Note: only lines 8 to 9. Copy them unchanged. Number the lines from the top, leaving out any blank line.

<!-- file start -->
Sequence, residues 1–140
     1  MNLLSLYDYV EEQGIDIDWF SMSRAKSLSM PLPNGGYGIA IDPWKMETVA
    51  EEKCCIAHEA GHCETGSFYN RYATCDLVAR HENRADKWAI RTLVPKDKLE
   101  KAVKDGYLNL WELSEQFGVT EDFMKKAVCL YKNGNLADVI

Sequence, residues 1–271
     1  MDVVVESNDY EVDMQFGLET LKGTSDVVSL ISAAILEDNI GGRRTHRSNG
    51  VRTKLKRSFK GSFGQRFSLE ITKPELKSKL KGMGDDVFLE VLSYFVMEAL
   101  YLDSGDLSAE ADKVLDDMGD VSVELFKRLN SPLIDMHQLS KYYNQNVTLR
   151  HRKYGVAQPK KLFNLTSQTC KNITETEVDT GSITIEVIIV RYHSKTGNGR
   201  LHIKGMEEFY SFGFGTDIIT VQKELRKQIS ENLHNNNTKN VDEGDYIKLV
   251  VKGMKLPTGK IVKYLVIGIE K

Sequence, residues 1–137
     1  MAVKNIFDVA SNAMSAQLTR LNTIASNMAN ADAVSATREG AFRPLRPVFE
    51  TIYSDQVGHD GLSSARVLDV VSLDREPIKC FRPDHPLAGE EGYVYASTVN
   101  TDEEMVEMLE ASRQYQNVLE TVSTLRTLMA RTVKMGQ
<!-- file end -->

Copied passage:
   101  YLDSGDLSAE ADKVLDDMGD VSVELFKRLN SPLIDMHQLS KYYNQNVTLR
   151  HRKYGVAQPK KLFNLTSQTC KNITETEVDT GSITIEVIIV RYHSKTGNGR